It's amazing to me how many books ship late these days (especially All-Star Superman) using art as an excuse. Books just weren't late back in the "classic" days. Even if there was a problem with a story, the editors kept a few stand-alone stories in reserve as fillers so that the book could ship on time. I personally am sick unto death of late books. There was a time when Jack Kirby was basically drawing nine features and providing layouts for more in the classic days of Marvel. Even detailed guys like Adams or Perez kept to their deadlines. I think that if an artist consistently cannot meet a deadline, then maybe it's time to get a new artist; after all, long delays are bad for a book--readers will wander away to other books and may never return. It's just like when a network starts rotating a show through the schedule, it is almost always a kiss of death for that show.

Artwork is sometimes an excuse. Although, with no factual evidence to support my claim  Tongue, I believe publishers today stagger books to keep print runs high. Supergirl is probably a good example, maybe even All-Star Superman.

Back on topic, did Jack Kirby's work suffer with such a large workload? Recently, I watched a documentary on Frank Frazetta. One topic discusses his ability to finish a painting in one night. Some said this was an example of his genius, while others felt it was detriment to his work. Same could be said about an overloaded schedule.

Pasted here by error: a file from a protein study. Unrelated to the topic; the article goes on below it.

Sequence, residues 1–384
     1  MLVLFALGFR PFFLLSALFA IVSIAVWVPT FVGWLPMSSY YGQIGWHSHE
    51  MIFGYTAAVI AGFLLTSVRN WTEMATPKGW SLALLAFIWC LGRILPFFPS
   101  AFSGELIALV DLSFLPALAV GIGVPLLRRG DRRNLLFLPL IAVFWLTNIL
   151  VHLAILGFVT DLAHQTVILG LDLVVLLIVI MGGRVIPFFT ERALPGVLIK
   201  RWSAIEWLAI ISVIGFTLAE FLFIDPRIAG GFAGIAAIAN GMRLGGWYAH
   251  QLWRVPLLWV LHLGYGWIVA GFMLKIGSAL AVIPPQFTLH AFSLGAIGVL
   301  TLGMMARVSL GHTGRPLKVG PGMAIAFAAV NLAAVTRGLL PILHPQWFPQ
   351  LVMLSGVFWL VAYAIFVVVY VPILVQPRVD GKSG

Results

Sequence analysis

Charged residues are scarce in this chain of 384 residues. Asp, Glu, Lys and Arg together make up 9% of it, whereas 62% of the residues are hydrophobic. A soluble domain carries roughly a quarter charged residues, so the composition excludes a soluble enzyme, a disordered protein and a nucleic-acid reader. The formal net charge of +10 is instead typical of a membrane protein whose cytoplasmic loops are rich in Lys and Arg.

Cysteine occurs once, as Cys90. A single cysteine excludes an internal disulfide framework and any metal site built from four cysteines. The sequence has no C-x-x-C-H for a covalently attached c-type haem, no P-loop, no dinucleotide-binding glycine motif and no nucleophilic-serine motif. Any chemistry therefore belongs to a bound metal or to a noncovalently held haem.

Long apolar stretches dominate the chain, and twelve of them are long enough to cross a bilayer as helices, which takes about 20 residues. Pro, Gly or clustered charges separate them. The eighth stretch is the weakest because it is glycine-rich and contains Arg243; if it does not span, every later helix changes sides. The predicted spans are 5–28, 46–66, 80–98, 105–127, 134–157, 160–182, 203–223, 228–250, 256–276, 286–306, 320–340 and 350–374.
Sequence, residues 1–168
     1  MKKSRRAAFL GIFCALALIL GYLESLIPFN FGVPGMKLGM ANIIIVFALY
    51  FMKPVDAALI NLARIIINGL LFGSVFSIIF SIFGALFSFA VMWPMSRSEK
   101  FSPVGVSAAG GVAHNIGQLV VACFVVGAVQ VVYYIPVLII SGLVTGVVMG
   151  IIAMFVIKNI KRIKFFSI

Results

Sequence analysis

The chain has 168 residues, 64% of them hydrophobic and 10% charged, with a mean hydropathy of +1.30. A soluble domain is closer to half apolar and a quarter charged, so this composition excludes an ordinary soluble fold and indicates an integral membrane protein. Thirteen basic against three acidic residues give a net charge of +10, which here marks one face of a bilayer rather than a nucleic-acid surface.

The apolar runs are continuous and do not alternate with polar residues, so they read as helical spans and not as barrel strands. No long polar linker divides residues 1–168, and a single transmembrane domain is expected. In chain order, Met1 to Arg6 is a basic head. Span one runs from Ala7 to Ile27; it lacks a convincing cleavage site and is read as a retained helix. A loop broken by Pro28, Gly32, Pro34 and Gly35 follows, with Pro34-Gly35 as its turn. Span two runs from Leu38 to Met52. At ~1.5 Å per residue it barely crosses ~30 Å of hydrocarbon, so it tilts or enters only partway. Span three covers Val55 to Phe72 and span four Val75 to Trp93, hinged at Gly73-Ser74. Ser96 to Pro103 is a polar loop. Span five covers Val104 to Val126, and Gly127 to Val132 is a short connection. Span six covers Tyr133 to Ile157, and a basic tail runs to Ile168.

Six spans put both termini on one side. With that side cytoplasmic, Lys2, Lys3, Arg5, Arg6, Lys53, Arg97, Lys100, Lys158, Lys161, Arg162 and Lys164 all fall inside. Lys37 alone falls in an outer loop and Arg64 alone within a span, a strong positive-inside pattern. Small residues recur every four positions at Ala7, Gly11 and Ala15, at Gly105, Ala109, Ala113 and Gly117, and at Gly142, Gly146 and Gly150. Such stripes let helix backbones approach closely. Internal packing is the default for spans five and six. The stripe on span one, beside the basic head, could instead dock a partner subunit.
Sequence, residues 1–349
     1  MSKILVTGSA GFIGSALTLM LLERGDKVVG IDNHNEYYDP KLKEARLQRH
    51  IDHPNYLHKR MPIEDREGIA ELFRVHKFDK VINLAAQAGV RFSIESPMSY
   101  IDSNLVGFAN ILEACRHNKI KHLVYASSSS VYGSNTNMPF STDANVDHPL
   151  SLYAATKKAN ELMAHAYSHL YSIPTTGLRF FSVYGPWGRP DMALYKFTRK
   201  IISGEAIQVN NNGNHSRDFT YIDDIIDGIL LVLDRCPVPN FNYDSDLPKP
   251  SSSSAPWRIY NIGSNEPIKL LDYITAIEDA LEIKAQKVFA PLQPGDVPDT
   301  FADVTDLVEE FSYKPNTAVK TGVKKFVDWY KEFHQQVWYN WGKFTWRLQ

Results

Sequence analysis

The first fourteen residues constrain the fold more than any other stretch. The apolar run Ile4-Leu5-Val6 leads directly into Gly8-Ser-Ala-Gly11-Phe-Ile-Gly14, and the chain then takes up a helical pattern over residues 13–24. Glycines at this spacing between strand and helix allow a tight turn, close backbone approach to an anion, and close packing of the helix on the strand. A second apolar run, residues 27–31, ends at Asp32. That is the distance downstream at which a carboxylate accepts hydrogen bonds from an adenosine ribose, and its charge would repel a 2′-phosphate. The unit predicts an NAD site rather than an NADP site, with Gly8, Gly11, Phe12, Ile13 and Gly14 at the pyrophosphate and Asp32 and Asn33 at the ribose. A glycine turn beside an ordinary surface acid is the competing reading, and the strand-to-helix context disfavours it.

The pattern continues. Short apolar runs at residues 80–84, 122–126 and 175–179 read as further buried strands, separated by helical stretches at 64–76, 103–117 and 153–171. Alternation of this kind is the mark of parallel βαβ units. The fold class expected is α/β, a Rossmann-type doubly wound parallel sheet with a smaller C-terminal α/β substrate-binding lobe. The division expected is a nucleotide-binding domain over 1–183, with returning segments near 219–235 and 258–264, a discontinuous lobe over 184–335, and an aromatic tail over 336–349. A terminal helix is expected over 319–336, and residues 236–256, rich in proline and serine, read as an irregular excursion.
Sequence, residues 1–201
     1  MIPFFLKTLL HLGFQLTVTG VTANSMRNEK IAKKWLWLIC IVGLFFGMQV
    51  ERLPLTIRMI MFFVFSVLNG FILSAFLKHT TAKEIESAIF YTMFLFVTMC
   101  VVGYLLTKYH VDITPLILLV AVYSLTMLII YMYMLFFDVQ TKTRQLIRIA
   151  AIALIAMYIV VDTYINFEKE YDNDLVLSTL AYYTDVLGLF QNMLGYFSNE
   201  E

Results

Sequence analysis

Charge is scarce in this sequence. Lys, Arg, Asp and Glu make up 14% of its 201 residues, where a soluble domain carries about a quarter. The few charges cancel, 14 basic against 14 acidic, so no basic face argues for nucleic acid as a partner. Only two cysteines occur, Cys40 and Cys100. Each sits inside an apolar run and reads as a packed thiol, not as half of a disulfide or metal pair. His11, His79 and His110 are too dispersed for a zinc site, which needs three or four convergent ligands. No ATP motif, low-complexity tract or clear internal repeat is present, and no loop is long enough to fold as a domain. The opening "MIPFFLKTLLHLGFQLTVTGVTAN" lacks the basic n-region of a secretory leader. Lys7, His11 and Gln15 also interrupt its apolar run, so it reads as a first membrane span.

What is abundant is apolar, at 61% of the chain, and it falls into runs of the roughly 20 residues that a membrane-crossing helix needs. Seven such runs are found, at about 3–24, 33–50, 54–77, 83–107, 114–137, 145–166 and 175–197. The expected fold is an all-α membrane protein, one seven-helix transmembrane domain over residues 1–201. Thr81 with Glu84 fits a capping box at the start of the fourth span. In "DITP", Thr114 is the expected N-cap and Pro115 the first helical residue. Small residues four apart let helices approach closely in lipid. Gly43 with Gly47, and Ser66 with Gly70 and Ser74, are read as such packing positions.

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DBN
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« Reply #3 on: November 02, 2007, 09:49:10 PM »

Didn't the late, great Curt Swan sometimes use shortcuts to get the issue out?
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Uncle Mxy
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« Reply #4 on: November 02, 2007, 10:28:10 PM »

Crappy art in the 1990s turned me away from comics in a way I'd never before experienced.  Whatever makes the likes of Liefeld appealing, I just can't fathom it.  Likewise, if the lettering makes me squint, that's the end of that comic.